This is our third trip in Poppy, our 2003 VW Eurovan Camper, a marvelously engineered 18-foot marital and domestic testing ground. During the first trip two people who spent over a month in such close proximity that if one burped the other asked to be excused, made 42-inches by 72-inches seem room enough to sleep together for 42 nights.
During the second trip, across Canada and down into the Badlands and then to Wyoming, we agreed that “Love you, sweetie” and “Get out of the way” were each terms of endearment.
We visited friends in upstate New York and then almost settled down to travel on Columbus Day. Almost. All electronics were unresponsive, and the driver’s door wouldn’t open from the outside, only from inside. When that door was opened and shut again, the electronics came back on.
We took the door apart and concluded there was something amiss in the door’s electronic innards. Meanwhile, till we found someone who knew more about it, we couldn’t use the driver’s door—big deal.
We headed off for Virginia and about nine hours later found ourselves at the singularly appealing Gooney Creek campground, a private facility that was home to and run by Pam, a skinny, chain-smoking, sweet woman and her 91- year-old and similarly funky mother.
Elaine had called from the road, having found Gooney Creek described positively online, and spoken with Pam who asked our names and what we were driving.
“Oh, I love those things. I have just the site for you.”
Google Maps led us, a little later, to hand-scrawled road signs leading us down under an overpass—seemed very unlikely—and found Pam and her Mom comfortably and fittingly ensconced amidst the kind of chaos that attends someone whose entire life is or could be one big yard sale.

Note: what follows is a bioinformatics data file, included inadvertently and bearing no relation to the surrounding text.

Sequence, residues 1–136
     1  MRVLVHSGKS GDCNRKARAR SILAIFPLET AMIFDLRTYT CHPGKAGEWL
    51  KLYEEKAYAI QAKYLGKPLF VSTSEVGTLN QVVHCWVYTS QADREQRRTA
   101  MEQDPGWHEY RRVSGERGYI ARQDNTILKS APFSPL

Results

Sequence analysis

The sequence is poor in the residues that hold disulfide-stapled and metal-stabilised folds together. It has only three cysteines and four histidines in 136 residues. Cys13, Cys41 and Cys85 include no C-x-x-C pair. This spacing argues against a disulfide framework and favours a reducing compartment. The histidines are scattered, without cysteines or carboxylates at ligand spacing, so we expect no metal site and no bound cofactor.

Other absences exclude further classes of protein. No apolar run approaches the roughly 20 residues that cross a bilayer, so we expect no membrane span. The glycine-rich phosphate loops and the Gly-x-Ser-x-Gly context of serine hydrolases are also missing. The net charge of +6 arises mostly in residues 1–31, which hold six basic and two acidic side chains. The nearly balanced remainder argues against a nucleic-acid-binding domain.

Most campgrounds have camp stores, some quite well stocked. And just beyond the clutter was a vertical sign that read OPEN. Pam recognized our rig right away and called out joyously, “Elaine, Elaine!!” as she struggled to her feet from a chair that was embedded in stuff and had been for a while.
Her welcome was uncommonly enthusiastic, then she jumped on her little John Deere mower and led us to a terrific site next to a wonderfully noisy stream, one that we later learned flooded the entire campground and the women’s own home quite routinely. Pam went from one side of Poppy to the other with the leveling app on her iPhone to be sure we were perfectly situated.
The campground was jumping, literally, with kids, last day of Columbus Day Weekend. After we settled in I went back to the OPEN sign to see about getting some ice and maybe a beer. Pam and Mom were no longer in their chairs.
I went inside and there was Mom, sitting amidst an extension of the same clutter but watching TV and feeding herself from a plate in her lap. I said “Hi,” and then moved on into another room that I assumed was the customary store.
“Here, here!” cautioned Mom, “Where are you going?”
“To the store?” I answered quizzically.
“That ain’t no store, that’s private space.”
I apologized and headed for a really big dual-door refrigerator figuring this is surely where they keep milk, eggs, butter and beer. I pulled open the door just as she struggled to her feet to object. If she’d been younger, I’d have been hurting.
I apologized again, profusely this time, and bolted for the door.
This, though, was a terrific and fun site, providing one wasn’t too fussy about the cleanliness of facilities which we, for one night, were not. Pam blew us kisses when we left in the morning. She promised to visit Vinalhaven. I hope so. She’ll fit right in.
Phil and Elaine Crossman live on Vinalhaven, where Phil owns and operates the Tidewater Motel.